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be immoderate which is excited by the loss of a soul? This is the question we were wishful to illustrate, when we marked in the third place, as a criminal sorrow, that which proceeds from a mistaken piety.
III. He answers first, that nothing is more presumptive than to decide on the eternal loss of men ; and that we must not limit the extent of the divine mercy, and the ways of Providence. A contrite heart may, perhaps, be concealed under the exterior of reprobation ; and the religion which enjoins us to live in holy fear of our own salvation, ever requires that we should presume charitably concerning the salvation of others.
But people are urgent, and being unable to find any mitigation in a doubtful case, against which a thousand circumstances seem to militate, they ask whether one ought to moderate the anguish excited by the eternal loss of one they love? The question is highly proper in this age, where we see so great a number of our brethren die in apostacy, and in which the lives of those who surround us afford so just a ground of awful apprehensions concerning their salvation.
I confess it would be unreasonable to censure tears in a situation so afflictive ; I confess that one has need of an extraordinary confidence to repress excess, and that an ordinary piety is inadequate to the task. I contend, however, that religion forbids, even in this case, to sorrow above measure. Two remarks shall make it manifest ; and we entreat those whom God has struck in this sensible manner, to impress them deeply on their mind.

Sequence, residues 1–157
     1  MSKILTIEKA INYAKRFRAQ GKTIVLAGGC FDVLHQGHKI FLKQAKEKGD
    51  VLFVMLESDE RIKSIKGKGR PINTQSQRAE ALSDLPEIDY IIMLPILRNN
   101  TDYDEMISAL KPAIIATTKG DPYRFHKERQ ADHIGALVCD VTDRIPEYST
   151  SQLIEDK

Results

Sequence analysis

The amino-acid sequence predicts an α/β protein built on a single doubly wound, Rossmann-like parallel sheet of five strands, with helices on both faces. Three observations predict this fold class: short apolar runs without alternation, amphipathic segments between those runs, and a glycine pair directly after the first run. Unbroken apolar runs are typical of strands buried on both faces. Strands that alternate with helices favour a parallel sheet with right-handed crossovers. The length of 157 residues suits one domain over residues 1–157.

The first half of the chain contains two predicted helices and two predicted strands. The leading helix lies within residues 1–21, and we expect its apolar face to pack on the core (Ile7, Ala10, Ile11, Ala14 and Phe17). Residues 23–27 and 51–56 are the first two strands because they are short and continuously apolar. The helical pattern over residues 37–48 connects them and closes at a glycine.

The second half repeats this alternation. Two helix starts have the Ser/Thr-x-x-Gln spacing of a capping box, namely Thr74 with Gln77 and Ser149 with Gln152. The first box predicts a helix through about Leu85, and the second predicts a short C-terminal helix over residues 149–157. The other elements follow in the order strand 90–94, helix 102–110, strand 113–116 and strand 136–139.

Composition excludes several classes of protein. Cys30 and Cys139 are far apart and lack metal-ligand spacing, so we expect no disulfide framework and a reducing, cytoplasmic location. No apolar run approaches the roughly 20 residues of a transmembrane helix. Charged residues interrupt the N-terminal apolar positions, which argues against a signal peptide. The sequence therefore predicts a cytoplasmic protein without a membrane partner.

1. Our grief really proceeds from a carnal principle, and our heart disguises itself from its own judgment, when it apparently suggests that religion is the cause. If it were simply the idea of the loss of the soul; if it were a principle of love to God, and if it were not the relations of father, and son ; in a word, if the motives were altogether spiritual, and the charity wholly pure, which excites our grief, whence is it that this one object should excite it, while so great a multitude of unhappy men are precisely in a similar case ? Whence is it that we see daily, without anxiety, whole nations running headlong to perdition ? Is it less dishonourable to God, that those multitudes are excluded from his covenant, than because it is precisely your friend, your son, or your father ?
Our second remark is, that the love we have for the creature should always approximate itself with the Creator. We ought to love our neighbours, because like us they bear the image of God, and they are called with us to the same glory. On this principle, when we see a sinner wantonly rush on the precipice, and risking salvation by his crimes, our charity ought to be alarmed. Thus Jesus Christ, placing himself in the period in which grace was still offered to Jerusalem, and in which she might accept it, groaned beneath her hardness, and deplored the abuse she made of his entreaties : 0 that thou hadst known, at least in this thy day, the things that belong to thy peace. Luke xix. 42. But when a man becomes the avowed enemy of God, when a protracted course of vice, and a final perseverance in crimes, convinces that he has no part in his covenant, then our love should return to its centre, and associate itself with the love of our Creator. Henceforth know we no man after the flesh. I hate them with a perfect hatred. If any man love not the Lord Jesus Christ, let him be anathema. If any man love father, mother, son, or daughter, more than me, is not worthy of me. 2 Cor. v. 16. Psa. cxxxix. 22. Matt. x. 37.
This duty is, perhaps, too exalted for the earth. The sentiments of nature are, perhaps, too much entwined with those of religion to be so perfectly distinguished. It is, however, a fact, that they shall exist in heaven. If you should suppose the contrary, the happiness of heaven would be imbittered with a thousand pains: you can never conceive how a father shall be satisfied with a felicity in which his son has no share; nor how a friend shall be composed while his associate is loaded with chains of darkness. Whereas, if you establish the principle that perfect charity must be an emanation of divine love, you will develope the inquiry; and you will also conclude, that excessive sorrow, excited by a criminal death, is a criminal sorrow, and that if piety be its principle, it is a misguided piety.